Spheres of Intervention
US Foreign Policy and the Collapse of Lebanon, 1967–1976
In Spheres of Intervention, James R. Stocker examines the history of diplomatic relations between the United States and Lebanon during a transformational period for Lebanon and a time of dynamic changes in US policy toward the Middle East. Drawing on tens of thousands of pages of declassified materials from US archives and a variety of Arabic and other non-English sources, Stocker provides a new interpretation of Lebanon's slide into civil war, as well as insight into the strategy behind US diplomatic initiatives toward the Arab-Israeli conflict. During this period, Stocker argues, Lebanon was often a pawn in the games of larger powers. The stability of Lebanon was an aim of US policy at a time when Israel’s borders with Egypt and Jordan were in active contention.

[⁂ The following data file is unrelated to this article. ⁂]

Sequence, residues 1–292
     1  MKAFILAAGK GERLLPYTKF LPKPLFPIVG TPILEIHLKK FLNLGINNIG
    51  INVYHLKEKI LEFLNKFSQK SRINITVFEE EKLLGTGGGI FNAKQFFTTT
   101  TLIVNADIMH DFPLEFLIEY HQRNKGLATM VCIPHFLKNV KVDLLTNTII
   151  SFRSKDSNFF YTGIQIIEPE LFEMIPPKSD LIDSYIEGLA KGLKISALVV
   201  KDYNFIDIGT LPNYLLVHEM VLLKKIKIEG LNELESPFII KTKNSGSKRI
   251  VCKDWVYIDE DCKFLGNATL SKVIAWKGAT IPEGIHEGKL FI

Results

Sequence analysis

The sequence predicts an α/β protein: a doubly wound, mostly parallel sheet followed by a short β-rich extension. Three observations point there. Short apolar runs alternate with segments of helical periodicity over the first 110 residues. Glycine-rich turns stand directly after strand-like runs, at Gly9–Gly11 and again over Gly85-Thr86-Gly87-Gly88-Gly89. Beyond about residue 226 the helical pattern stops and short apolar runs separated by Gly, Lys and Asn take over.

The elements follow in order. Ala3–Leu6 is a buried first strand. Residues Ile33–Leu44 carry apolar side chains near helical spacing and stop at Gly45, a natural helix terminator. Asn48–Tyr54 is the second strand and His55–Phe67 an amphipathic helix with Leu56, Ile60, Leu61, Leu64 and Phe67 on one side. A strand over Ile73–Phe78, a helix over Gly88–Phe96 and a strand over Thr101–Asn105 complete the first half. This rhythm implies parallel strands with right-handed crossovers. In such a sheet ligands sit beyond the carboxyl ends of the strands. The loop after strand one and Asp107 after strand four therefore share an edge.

Following the June 1967 Arab-Israeli War, the internal political situation in Lebanon became increasingly unstable due to the regional military and political stalemate, the radicalization of the country’s domestic politics, and the appearance of Palestinian militias on Lebanese territory. US officials were more deeply involved in Lebanese affairs than most outside the region realized. After a series of internal crises in 1969, 1970, and 1973, civil war broke out in Lebanon in 1975. The conflict reached a temporary halt after a Syrian military intervention the following year, but this was only an end to the first stage of what would be a sixteen-year civil war. During these crises, the US sought to help the Lebanese government in a variety of ways, including providing military aid to the Lebanese military, convincing Arab countries to take measures to help the Lebanese government, mediating Lebanon’s relations with Israel, and even supporting certain militias.